Tastes Under The Tuscan Sun

Tastes Under The Tuscan Sun

Tuscany is a region full of cultural heritage and winemaking history, and the birthplace of some of the most popular wines in Italy. Traditional Chianti with fiasco bottle maybe has passed its heyday, but the wines that were made from Italian most favourite grape Sangiovese are still shinning like the Tuscan sun. The quality of Chianti or Chianti Classico raised substantially in recent years, and the latter even gained Gran Selezione, the highest wine classification in Italy. No wonder the Tuscan wine magnate Frescobaldi acquired Tenuta Perano in Chianti Classico to complete their portfolio.


Brunello di Montalcino means the wine made from Brunello grapes, as the locals called Sangiovese Grosso, from Montalcino. The powerful structure of this wine is quite different from the regular Sangiovese, which made it most sought-after. Vino Nobile di Montepulciano and Morellino di Scansano are other Sangiovese-based wines that gained international reputation.


If you fancy white wine, the historical Vernaccia di San Gimignano is something you can't miss. The indigenous Vernaccia is no common to find in other regions, which help the wine received the first DOC recognition in Italy. Making sweet wine is also a tradition in the region. The classic Vin Santo is made from dried Malvasia or Trebbiano grapes, while some wine estates would produce a red version by using Sangiovese grapes.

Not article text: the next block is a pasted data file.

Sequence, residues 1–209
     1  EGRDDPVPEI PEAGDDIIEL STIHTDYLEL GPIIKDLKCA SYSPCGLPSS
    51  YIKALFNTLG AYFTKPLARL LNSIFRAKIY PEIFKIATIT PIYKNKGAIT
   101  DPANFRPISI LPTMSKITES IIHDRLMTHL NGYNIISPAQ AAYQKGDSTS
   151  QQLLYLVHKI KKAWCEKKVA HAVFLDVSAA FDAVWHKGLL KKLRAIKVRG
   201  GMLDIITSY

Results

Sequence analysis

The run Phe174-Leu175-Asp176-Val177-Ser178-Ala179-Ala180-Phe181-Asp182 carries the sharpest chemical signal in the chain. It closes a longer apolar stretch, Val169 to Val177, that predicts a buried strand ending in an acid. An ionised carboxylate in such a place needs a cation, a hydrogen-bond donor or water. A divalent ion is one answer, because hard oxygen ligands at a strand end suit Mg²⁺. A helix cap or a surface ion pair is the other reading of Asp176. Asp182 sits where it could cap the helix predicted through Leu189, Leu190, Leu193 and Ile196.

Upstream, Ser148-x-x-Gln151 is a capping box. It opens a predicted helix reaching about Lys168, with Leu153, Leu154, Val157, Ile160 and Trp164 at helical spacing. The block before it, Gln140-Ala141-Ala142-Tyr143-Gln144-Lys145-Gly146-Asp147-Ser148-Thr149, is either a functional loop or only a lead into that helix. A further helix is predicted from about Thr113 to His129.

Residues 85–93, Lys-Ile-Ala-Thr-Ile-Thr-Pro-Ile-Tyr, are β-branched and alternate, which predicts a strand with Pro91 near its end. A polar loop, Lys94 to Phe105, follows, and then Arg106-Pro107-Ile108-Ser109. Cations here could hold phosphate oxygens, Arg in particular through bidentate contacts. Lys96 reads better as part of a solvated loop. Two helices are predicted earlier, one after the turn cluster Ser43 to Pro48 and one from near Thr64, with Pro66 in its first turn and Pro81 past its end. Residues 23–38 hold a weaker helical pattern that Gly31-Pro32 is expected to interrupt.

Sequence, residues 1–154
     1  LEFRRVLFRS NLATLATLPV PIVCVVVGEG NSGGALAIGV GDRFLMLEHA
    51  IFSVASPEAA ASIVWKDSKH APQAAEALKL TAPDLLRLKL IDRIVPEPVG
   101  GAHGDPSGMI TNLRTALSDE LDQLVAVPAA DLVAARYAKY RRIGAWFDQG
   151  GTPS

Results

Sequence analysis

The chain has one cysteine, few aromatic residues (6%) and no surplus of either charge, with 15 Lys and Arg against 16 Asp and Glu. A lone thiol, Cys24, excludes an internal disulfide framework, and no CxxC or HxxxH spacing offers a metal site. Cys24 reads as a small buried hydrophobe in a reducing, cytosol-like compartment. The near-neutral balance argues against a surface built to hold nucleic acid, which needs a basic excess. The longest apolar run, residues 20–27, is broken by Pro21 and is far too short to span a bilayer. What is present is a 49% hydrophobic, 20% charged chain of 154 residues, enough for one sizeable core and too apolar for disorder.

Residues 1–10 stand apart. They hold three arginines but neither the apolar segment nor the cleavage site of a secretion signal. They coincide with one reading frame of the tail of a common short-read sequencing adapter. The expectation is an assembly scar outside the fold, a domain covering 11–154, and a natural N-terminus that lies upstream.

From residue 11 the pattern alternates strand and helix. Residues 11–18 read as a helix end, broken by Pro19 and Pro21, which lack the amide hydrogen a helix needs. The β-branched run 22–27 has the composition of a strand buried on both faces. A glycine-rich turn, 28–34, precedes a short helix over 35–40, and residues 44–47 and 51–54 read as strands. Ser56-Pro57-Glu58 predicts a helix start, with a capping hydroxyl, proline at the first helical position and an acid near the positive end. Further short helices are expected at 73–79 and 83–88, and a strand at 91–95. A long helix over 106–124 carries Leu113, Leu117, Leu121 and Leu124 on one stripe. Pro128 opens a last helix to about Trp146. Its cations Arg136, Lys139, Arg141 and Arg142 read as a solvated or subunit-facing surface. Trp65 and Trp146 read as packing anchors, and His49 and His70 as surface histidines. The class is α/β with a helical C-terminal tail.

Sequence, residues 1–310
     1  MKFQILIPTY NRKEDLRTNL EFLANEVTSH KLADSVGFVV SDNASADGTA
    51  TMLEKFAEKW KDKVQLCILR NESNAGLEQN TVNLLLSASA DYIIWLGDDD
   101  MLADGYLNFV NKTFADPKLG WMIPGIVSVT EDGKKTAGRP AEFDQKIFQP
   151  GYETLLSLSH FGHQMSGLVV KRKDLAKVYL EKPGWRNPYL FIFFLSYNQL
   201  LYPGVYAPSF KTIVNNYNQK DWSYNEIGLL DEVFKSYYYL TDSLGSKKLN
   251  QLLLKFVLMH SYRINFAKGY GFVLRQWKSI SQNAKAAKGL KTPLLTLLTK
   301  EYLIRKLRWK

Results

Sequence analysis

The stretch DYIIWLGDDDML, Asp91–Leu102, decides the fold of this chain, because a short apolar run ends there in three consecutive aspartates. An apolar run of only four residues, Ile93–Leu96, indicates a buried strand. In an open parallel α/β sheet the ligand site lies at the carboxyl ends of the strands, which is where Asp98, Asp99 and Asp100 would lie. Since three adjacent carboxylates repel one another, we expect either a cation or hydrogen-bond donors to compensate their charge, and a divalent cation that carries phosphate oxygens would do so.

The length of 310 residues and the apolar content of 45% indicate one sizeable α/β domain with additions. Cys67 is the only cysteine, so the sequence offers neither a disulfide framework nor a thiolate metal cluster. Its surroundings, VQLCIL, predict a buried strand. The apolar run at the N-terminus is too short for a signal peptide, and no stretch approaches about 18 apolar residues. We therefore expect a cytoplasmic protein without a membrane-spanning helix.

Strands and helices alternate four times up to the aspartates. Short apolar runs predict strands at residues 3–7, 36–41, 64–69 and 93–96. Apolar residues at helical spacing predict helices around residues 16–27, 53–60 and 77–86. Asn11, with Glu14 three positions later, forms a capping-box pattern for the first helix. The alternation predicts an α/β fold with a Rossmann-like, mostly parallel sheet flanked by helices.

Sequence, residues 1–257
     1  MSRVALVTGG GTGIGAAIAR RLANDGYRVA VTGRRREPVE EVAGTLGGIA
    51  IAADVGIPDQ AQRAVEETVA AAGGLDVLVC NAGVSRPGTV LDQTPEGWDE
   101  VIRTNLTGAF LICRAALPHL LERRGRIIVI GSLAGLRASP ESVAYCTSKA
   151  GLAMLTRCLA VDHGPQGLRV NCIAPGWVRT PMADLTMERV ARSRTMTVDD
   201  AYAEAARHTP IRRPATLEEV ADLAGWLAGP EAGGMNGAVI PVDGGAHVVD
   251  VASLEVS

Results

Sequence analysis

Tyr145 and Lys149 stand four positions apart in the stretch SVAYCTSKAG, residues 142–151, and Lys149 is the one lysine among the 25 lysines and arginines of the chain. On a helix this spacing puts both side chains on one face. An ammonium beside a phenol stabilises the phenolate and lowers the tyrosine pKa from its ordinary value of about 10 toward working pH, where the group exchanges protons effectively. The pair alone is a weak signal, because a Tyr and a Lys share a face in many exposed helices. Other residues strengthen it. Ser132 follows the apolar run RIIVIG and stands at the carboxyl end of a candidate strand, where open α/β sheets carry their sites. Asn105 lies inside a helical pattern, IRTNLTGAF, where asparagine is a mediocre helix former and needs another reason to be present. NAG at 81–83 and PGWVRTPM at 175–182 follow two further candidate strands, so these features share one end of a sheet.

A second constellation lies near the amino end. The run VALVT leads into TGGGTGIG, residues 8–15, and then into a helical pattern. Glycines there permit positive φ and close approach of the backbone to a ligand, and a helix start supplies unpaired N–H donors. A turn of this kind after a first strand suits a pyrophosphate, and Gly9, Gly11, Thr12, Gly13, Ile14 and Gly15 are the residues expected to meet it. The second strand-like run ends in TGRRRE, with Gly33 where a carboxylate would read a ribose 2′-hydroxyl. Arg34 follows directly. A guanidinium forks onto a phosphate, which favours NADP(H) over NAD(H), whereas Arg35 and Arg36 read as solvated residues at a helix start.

Apart from the historical wines, the innovative Super Tuscan draws wine lovers attention as well. Wine producers combined French grape varieties such as Cabernet Sauvignon, Merlot and the specific Tuscan terroir, shaped them into some of the most expensive Italian wines. OrnellaiaMasseto, the single-vineyard wine as a spin-off from Ornellaia, and Luce from Montalcino are some of Super Tuscans super-stars.



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